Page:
Viciedo is still a work in progress, but he is by no means a bust. He’s provided key contributions to White Sox this season, most notably a game-winning home run in New York in June.
“I’d rather have a lot of players that can come up and help immediately than have a lot of players that are highly publicized down in the minor leagues and then when they get here they aren’t ready,” Williams said.
Meanwhile, while the GM’s minor league system looks much better than it was given credit for, he’s still made the key mid-season moves he is known for. With enormous payroll limitations, he got creative in adding Kevin Youkilis, Brett Myers and Francisco Liriano. He gave up no major prospects and no major league players that project to be more than a bench player.
Now many think Kenny Williams is deserving of the Executive of the Year Award. Of course, he’s quick to point out that he didn’t even win the award when the White Sox won the World Series.
“Here’s what I know, especially around here. One bad week, I’ll be back to being the village idiot pretty quickly,” he said.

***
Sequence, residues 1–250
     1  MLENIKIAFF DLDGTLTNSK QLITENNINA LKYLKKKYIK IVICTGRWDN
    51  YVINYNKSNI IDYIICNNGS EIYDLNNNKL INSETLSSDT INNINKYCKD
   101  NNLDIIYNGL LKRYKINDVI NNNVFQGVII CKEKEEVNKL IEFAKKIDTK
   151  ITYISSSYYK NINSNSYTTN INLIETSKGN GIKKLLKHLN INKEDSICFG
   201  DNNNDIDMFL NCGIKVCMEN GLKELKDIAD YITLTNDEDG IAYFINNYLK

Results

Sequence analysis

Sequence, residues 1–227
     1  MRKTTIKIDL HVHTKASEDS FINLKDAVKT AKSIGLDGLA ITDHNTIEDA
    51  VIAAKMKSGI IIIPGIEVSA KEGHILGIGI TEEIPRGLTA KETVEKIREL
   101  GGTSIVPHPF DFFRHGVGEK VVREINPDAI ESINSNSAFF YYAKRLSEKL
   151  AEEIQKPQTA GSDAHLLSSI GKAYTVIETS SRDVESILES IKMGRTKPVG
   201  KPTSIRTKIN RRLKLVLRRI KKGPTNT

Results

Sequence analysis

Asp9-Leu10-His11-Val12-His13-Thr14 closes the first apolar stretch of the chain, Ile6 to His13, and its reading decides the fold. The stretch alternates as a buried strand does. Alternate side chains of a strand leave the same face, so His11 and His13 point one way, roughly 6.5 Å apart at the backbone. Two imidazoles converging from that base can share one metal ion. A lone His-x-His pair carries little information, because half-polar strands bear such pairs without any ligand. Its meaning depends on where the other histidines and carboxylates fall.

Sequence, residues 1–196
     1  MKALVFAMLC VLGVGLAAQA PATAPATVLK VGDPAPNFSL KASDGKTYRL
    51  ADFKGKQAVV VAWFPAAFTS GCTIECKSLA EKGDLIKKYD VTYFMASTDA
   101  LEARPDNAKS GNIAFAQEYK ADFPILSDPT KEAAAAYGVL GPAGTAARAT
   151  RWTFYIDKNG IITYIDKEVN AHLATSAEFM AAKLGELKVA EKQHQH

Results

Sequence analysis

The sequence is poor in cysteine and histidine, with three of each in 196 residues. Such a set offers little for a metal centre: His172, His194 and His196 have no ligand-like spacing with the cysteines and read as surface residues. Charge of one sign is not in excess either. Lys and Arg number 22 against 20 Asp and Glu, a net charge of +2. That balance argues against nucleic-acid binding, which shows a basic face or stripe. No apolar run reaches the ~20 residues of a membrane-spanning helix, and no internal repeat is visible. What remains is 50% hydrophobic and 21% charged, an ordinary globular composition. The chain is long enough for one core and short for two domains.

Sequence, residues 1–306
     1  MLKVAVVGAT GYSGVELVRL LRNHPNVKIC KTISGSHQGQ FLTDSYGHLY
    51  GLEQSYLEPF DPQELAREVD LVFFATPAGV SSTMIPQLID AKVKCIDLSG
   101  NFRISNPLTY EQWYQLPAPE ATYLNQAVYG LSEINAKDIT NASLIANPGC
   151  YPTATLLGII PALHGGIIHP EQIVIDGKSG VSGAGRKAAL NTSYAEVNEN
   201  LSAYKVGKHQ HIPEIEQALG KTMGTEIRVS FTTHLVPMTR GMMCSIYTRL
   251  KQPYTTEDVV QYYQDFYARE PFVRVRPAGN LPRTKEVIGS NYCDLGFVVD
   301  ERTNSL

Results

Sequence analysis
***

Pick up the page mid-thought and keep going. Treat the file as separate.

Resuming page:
But this year, given the expectations, that’s doubtful — even if the White Sox don’t win the A.L. Central.
Of course that won’t be acceptable to the general manager. He’s got his sights firmly set on winning a second world title. And if he does, the questions about him possibly leaving the daily grind of the GM position could be come very real.
“At the end of every year you sit down and you evaluate where you are and your effectiveness as it relates to the organization and you have that conversation with the owner whether he even wants you around at the end of it,” he said.
It’s pretty obvious Chairman Jerry Reinsdorf wants Williams around. Although he probably would like his GM to enjoy the job a little more.
“I’m working on it,” Williams said. “I’m working on it.”
Adam is the Sports Editor for CBSChicago.com and specializes in coverage of the Bears, White Sox and college sports. He was born and raised in Lincoln Park and attended St. Ignatius College Prep before going off to the University of Wisconsin-Madison where he earned a Journalism degree. Follow him on Twitter @AdamHogeCBS and read more of his columns here.